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About Sarcoma

Sarcomas are a very rare cancer affecting bone and soft tissue. These types of tumors arise from connective tissue — including fat, muscle, blood vessels, deep skin tissues, nerves, bone and cartilage. The type of sarcoma will be determined by the specific type of cell that makes up the cancer.

Sarcomas are usually diagnosed through a variety of tests such as: X-Rays; CT, MRI and bone scans. Often you will need a biopsy — sample of tissue removed and examined microscopically by a pathologist. There are several types of biopsy:

  • Tru-Cut biopsy - done through the use of a needle
  • Incisional or open biopsy - when surgeon cuts out a small part of the tumor to be examined by a pathologist

Depending on the type and location of the tumor, treatment may include surgery, chemotherapy and/or radiation. During this time you may meet different members of the sarcoma team who will be involved in your care.
 

Soft Tissue Sarcoma

There are more that 50 different types depending on the tissue of origin. Major types include:

  • Liposarcoma - arises from fat cells, usually located in arms, legs or body cavities;
  • Fibrosarcoma -arises from fibrous tissues found in tendons and ligaments;
  • Leiyomyosarcoma - arises from smooth muscle, usually found in the uterus or digestive tract;
  • Neurofibrosarcoma - arises from peripheral nerve sheaths found in arms/legs or trunk of body;
  • Rhabdomysosarcoma - arises from skeletal muscle, usually found in arms and legs) and Synovial (tissue of origin is unknown.

Depending on the type of soft tissue sarcoma treatment will vary. Treatment may involve surgery alone or a combination of surgery, radiation and/or chemotherapy. The team decides what is the best option based on your tumor.
 

Bone Cancers

Bone cancers may be classified as primary or metastatic.
 

Primary

Primary bone cancer means the cancer has started in the bone tissue. Primary bone cancers are extremely rare. There are different types of primary bone tumors; some most often seen are:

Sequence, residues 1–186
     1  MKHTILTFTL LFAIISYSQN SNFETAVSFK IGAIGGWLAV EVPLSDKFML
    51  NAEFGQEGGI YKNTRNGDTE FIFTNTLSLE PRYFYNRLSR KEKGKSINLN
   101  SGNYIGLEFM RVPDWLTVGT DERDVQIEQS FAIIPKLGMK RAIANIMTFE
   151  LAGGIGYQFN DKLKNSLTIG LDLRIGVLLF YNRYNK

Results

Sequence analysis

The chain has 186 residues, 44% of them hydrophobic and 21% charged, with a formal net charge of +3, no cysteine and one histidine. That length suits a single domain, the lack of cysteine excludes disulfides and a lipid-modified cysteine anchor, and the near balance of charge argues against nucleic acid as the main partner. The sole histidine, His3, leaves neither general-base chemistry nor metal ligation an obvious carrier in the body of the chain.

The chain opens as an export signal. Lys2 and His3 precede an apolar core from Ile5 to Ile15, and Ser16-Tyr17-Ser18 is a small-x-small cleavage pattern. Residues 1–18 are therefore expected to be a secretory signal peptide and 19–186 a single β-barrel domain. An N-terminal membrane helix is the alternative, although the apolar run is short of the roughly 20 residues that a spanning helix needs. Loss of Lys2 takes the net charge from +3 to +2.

• Osteosarcoma - often seen in children and young adults (ages 10-25). Treatment usually involves chemotherapy and surgery. Chemotherapy is given on the sarcoma unit on an inpatient basis. Surgery usually involves a limb salvage/sparing procedure. Occasionally amputation is required but this is very rare nowadays, approximately 5% of the time.
  • Chondrosarcoma - most frequently seen in adults over the age of 50. This type of tumor arises in the cartilage. Treatment usually involves surgical removal.
  • Ewings Sarcoma - most often found in the middle part of the bones such as the pelvis and lower extremities. Seen primarily in children and young adults (age 10-25). Treatment usually involves chemotherapy and surgery. Occasionally radiation may be included in the treatment.
 
Metastatic

Metastatic bone cancers are cancers that have started somewhere else in the body and spread to the bone. Most common metastatic tumors are related to breast, lung, kidney, thyroid and prostate cancer. Treatment may involve surgery and/or radiation.

 

Tumors may be benign or malignant. Benign tumors (non-cancerous) are usually treated surgically. Malignant (cancerous) sarcomas may be classified under soft tissue sarcomas or bone cancers.